Researchers from the United Kingdom suggest a routine eye exam in conjunction with looking into past genetic data could help physicians predict whether or not a person could suffer a heart attack in the future.
A recent study out of the Usher and Roslin Institutes from the University of Edinburgh found that simply assessing the patterns of a patient’s blood vessels in their eyes along with traditional clinical factors could help predict a possible heart attack five years before it happens.
"The discovery could inform development of a simple screening process where heart attack risk could be calculated when a person undergoes a routine eye test, according to research presented at the annual conference of the European Society of Human Genetics," according to a university news release.
A model was developed to compare data from 500,000 patients from the U.K. Biobank (UKB) which included age, sex, systolic blood pressure, body mass index and smoking status, according to a news release. This data was combined with retinal images from each patient.
"Strikingly, we discovered that our model was able to better classify participants with low or high MI (myocardial infarction, also known as a heart attack) risk in UKB when compared with established models that only include demographic data. The improvement of our model was even higher if we added a score related to the genetic propensity of developing MI," said Ana Villaplana-Velasco, a Ph.D. student at the Usher and Roslin Institutes, University of Edinburgh, Edinburgh, U.K. and co-author of the study.
A person who is at higher risk for suffering a heart attack will usually experience this cardiovascular event when they are 60, on average, according to researchers.
"So the calculation of an individualized MI risk from those over 50 years old would seem to be appropriate," Villaplan-Velasco said. "This would enable doctors to suggest behaviors that could reduce risk, such as giving up smoking and maintaining normal cholesterol and blood pressure. Our work once more shows the importance of comprehensive analysis of data that is routinely collected and its value in the further development of personalized medicine."
Earlier this month, the American Heart Association announced another non-invasive test that could potentially determine a person’s risk of heart disease before they experience any symptoms.
The test is known as a coronary artery calcium (CAC) test. A CAT scan of a patient’s heart muscle will allow physicians to look for buildup of calcified plaque that can affect the flow of blood to the heart. The calcium is composed of cholesterol, fats, calcium and other substances in the blood and is different from the calcium in bones, according to the AHA.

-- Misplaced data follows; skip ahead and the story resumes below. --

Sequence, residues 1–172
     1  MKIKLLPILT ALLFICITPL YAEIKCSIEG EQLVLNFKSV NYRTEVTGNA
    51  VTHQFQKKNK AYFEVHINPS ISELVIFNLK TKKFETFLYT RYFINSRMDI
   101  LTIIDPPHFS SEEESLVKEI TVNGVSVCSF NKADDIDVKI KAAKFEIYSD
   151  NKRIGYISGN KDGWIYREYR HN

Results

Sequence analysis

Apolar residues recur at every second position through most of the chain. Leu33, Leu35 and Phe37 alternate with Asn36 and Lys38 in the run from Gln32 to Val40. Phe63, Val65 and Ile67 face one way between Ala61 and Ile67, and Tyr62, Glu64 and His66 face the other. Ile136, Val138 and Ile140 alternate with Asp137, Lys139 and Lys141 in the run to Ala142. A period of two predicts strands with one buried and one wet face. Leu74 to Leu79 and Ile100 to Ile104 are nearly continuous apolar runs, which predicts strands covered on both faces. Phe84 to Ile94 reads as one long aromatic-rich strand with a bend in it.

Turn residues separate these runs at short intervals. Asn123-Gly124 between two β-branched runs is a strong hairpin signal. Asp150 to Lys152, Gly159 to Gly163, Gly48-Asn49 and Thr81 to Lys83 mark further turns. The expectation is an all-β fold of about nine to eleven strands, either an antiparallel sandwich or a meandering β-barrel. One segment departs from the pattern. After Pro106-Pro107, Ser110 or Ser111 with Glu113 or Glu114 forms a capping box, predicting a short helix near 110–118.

The test involves a CT-scan of the chest that takes about ten minutes to perform and then a score representing the amount of plaque present is assigned to the patient. A higher CAC test score suggests you may be at a higher risk for future heart attack and have a higher chance of significant narrowing in the coronary arteries, according to health experts at the Cleveland Clinic. Depending on your score, your physician will determine the appropriate treatment for you that may include medication or a procedure.
Health experts said a CAC score of zero means you have no plaque in your arteries and are at low risk for a heart attack. A score from one to 100 is associated with a low to medium risk of a heart attack, and your doctor may recommend lifestyle changes and some other treatment. Scores ranging from 101 to 300 suggest that you may have plaque that is blocking an artery and your chance of having a heart attack is moderate to high, typically warranting further evaluation and treatment.
Scores over 300 suggest a large amount of plaque and your chance of heart attack is high. Your healthcare practitioner will likely want immediate follow-up testing and to start treatment at that level, according to health experts.
"A high calcium score correlates quite well with coronary heart disease. It’s not invasive and is a good screening test and sensitive," Dr. Ismail El-Hamamsy, MD, Ph.D., a Randall B. Griepp Professor of cardiovascular surgery and system director of aortic surgery at Mount Sinai Hospital in New York City, told Fox News during an interview.
The physician did caution that CAC testing may create anxiety with the potential for overdiagnosis and added, "There will be false positives but you push the investigation further to rule it out." El-Hamamsy said tests like a stress test, angiogram, among others, are often used to rule out coronary artery disease following certain CAC scores that indicate a patient may be at risk for disease.
FOX News contributed to this report. This story was reported out of Los Angeles.